So it seems reasonable to say that it takes 14 cycles for unaligned data since we'll have to do the series of instructions once to access and once to assign?

#17 aattss   Members   -  Reputation: 387

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Posted 12 June 2012 - 06:40 AM

I would imagine that the player level only affects perks and maybe what classes he can have. In other words, it would be like a roguelike. However, there would be options for the GM to let players load a character from specific previous campaigns.

I also imagine that, to prevent idiots from becoming GMs, you can make it so that you can only be a GM if you either get to a high enough player level or pay extra money. That's also necessary to make a ratio of GMs:players, or eventually everyone will be GMs but barely anyone would actually play the dungeons.

#18 Platinum_Dragon   Members   -  Reputation: 162

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Posted 12 June 2012 - 11:04 AM

I think a game similar to D&D or Pathfinder where the monster stats are set, and the players may apply templates however they wish within the rules of templates, but they cannot create "new content". Of course, GM will have the ability to bring together monsters, story, and treasure based on a fixed system. They could have the loot using the random system that D&D and PF has, or they could select a subset of such possible items with a different item fequency. This will bring the game more balance, as the GM cannot dictate the experience points of the monsters, nor change the level of loot as long as there's a function that could create some form of correlation. Loot levels have to correlate with the challenge rating of the monsters, and thus, the game could be balance.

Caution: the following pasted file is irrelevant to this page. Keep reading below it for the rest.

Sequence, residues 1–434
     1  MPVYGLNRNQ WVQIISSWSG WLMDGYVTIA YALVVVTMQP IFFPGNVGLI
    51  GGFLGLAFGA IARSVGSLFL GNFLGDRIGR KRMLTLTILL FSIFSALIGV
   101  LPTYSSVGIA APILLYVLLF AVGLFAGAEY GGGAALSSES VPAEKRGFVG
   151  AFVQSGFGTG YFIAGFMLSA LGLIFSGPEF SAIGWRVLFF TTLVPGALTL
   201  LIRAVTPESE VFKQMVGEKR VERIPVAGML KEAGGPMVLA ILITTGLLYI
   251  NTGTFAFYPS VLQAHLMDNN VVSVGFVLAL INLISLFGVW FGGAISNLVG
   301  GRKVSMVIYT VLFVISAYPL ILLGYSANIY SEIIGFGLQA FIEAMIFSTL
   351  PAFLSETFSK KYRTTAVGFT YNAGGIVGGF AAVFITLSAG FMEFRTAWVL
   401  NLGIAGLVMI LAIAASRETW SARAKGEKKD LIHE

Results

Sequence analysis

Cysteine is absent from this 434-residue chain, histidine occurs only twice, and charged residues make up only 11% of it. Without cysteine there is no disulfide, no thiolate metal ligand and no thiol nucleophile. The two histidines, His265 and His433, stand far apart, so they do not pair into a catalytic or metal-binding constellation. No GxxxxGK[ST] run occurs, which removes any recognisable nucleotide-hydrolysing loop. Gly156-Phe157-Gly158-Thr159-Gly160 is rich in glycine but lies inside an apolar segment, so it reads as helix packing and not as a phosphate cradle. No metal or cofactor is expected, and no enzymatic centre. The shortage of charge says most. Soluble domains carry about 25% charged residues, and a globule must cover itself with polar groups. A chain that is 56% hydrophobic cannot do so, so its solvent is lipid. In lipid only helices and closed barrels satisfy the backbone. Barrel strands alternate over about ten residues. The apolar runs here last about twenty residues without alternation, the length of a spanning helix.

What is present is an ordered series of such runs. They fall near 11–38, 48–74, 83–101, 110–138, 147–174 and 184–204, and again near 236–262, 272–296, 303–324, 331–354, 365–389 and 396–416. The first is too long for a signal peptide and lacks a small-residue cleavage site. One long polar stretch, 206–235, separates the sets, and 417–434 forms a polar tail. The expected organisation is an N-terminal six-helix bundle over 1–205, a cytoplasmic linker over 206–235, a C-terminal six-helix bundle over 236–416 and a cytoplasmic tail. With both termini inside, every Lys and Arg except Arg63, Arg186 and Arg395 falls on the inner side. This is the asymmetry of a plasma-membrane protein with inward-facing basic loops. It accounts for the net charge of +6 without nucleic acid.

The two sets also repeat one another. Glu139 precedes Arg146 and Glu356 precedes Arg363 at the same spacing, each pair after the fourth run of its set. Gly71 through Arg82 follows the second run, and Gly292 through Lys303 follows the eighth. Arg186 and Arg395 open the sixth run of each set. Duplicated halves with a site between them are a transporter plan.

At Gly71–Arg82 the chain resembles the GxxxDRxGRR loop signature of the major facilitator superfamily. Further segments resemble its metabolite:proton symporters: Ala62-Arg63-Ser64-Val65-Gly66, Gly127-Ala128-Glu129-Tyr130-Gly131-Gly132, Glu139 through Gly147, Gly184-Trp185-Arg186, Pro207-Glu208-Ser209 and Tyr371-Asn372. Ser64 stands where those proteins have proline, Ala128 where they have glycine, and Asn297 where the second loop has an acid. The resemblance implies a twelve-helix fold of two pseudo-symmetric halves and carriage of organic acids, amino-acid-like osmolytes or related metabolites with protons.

EDIT: While skimming through the entire archive of game design, and look at some of the hot topics, I see this: http://www.gamedev.net/topic/573653-the-dungeon-master-in-video-games/

Edited by Platinum_Dragon, 13 June 2012 - 11:54 PM.

I use QueryPerformanceFrequency(), and the result averages to 8 nanoseconds or about 13 cpu cycles (1.66GHz CPU). Is that reasonable?
I though that the assembly equivalent to accessing unaligned data would be something similar to this order:
  • move
  • mask
  • shift
  • move
  • mask
  • shift
  • or
So it seems reasonable to say that it takes 14 cycles for unaligned data since we'll have to do the series of instructions once to access and once to assign?